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2013-14 Season in Review: Pablo Prigioni

by Charlie Widdoes

Statistically Speaking: Played in 66 games (27 starts), averaging 19.4 minutes per game. Shot 46.4 percent from 3 and had an assist rate (percentage of field goals assists while on the floor) of 25.6.

Year in Review: The Knicks were practically unbeatable with Pablo Prigioni on the floor in 2012-13, his first season in New York. As a rookie, his relentless ball pressure, mastery of the pick-and-roll and unselfishness made him an indispensible part of the 54-win equation. By the end of that year, he had forced his way into the starting lineup and, not coincidentally, the Knicks went 16-2 to close out the regular season.

In many ways, he followed up that very successful rookie season with an even better sophomore campaign at the age of 36. Once again, the Knicks were demonstrably better with him on the floor – their net rating (points per 100 possessions) was 4.0 points worse when he went to the bench. Despite modest per-game numbers, his impact was evident in its efficiency and positive impact on the team.

His ability to run the point or play off the ball made him a vital piece of a rotation in constant flux, but he elevated his game to another level by becoming a deadly 3-point threat; a tentative shooter at times during in his first season, he let if fly more often this season and connected on 46.4 percent of his attempts, the second-best mark in the NBA.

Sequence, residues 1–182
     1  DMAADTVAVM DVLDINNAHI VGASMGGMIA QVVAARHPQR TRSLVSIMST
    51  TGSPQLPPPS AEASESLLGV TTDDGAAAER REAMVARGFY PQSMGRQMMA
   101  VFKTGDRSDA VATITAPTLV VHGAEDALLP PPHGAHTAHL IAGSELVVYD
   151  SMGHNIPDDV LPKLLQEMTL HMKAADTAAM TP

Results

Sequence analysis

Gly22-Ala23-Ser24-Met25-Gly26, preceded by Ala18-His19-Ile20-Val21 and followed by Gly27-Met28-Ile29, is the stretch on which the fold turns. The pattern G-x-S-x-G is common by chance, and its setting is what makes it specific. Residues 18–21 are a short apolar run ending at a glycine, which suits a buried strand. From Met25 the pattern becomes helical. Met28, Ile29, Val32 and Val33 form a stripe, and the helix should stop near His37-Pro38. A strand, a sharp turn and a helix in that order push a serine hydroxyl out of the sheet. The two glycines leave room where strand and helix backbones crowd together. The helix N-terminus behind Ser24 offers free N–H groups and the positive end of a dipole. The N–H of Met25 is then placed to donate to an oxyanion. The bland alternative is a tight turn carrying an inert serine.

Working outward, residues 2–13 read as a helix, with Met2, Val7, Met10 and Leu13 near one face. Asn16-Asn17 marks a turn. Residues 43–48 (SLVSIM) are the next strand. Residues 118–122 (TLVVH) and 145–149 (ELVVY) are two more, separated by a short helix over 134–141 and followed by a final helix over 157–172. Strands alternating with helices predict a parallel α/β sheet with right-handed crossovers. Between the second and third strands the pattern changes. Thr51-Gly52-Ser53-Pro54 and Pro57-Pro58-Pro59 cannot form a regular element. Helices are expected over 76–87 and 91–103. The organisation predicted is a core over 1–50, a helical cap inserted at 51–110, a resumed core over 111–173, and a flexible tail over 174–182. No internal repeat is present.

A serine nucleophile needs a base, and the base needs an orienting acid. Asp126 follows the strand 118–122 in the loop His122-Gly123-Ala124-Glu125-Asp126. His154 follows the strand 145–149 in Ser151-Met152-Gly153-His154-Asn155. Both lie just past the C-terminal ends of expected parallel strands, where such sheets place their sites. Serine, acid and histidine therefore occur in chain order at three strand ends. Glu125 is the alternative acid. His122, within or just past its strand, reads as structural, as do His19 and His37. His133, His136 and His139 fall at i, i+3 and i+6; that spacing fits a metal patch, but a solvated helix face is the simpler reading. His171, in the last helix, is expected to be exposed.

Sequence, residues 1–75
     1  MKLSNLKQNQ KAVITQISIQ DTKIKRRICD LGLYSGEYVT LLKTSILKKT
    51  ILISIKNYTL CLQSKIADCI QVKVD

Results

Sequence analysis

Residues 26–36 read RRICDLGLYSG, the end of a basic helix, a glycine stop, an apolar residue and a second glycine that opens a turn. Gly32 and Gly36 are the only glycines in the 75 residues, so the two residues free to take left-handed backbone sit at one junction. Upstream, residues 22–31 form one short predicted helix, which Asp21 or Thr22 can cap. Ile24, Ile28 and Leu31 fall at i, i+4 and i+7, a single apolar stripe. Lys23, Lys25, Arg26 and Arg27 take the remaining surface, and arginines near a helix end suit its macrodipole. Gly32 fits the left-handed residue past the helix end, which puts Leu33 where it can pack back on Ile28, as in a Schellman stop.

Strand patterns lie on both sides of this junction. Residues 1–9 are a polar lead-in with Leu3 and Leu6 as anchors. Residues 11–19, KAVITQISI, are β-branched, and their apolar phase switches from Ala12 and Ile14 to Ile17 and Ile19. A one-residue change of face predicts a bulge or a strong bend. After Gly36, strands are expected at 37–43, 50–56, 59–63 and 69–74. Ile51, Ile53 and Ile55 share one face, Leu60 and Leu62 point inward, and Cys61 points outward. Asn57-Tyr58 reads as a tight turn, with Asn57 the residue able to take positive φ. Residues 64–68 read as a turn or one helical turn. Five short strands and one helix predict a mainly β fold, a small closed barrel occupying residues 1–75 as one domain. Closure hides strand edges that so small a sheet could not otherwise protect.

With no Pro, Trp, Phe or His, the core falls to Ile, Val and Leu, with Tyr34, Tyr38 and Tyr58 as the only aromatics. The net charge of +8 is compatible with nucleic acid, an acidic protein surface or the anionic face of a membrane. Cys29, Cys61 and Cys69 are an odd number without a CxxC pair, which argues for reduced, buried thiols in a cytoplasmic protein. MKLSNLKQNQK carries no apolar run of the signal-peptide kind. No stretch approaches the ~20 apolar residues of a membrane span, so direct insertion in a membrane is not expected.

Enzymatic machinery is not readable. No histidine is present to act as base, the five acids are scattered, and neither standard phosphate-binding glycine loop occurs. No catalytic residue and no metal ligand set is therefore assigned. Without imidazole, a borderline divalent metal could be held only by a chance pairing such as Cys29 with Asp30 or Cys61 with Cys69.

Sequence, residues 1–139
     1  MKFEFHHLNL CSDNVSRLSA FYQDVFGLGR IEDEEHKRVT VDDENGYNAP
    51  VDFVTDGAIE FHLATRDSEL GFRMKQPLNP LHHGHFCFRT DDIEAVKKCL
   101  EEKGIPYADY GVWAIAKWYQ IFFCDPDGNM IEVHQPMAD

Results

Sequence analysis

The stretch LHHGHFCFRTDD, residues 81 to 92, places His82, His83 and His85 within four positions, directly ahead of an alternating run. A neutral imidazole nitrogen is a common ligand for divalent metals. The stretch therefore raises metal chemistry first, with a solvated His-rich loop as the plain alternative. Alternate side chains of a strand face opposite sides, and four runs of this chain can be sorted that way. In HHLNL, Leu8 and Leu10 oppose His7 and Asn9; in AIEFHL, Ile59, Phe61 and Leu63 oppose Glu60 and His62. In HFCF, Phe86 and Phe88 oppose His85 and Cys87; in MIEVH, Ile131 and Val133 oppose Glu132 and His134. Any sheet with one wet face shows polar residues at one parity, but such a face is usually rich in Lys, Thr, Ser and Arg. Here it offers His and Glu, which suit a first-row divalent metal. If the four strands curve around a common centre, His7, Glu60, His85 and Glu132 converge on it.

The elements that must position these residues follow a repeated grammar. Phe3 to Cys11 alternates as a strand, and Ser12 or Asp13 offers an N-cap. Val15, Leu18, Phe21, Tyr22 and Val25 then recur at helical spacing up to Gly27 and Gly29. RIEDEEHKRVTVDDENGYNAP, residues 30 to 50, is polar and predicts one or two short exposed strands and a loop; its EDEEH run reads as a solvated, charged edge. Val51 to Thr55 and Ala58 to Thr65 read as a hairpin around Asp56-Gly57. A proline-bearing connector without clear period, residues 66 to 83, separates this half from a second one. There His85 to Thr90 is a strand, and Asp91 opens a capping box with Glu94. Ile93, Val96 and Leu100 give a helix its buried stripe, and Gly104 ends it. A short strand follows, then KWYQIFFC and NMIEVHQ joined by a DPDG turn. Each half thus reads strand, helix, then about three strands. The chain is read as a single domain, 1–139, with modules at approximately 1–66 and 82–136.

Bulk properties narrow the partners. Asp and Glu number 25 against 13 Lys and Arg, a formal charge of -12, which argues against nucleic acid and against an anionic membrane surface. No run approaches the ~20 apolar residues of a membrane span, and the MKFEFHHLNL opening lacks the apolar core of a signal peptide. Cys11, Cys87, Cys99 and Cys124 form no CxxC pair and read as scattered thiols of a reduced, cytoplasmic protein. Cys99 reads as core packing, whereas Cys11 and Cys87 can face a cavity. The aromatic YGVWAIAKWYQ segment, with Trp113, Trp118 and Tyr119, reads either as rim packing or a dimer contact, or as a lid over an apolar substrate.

He also continued to cement his reputation as one of the peskiest defenders in the league. Known for applying pressure full-court, he was once again good for a handful of steals from sheer effort and guile -- and his teammates give him much respect for it; at a recent New York Liberty game, Tim Hardaway Jr. and Iman Shumpert watched someone steal an inbounds pass and immediately turned to each other, smiled, and said "Pablo."

Season Highlight: Prigioni turned in his most impressive performance in a December 14 win against Atlanta: 11 points (3-of-6 from 3), six assists and four steals. In true Pablo fashion, he finished the night with a +17 rating and helped limit speedy Hawks point guard Jeff Teague to just four points.

Looking Ahead: Although he just turned 37 years old, Prigioni showed no signs of slowing down in his second NBA season. He handled a heavier workload (up from 16.2 minutes per game) while upping his long-range attempts and efficiency.

Going forward, his versatility and team-first approach should continue to be a huge asset for New York. Already a strong veteran presence, he can continue to mentor young players like Toure’ Murry in the fine arts of making the extra pass and harassing ballhandlers.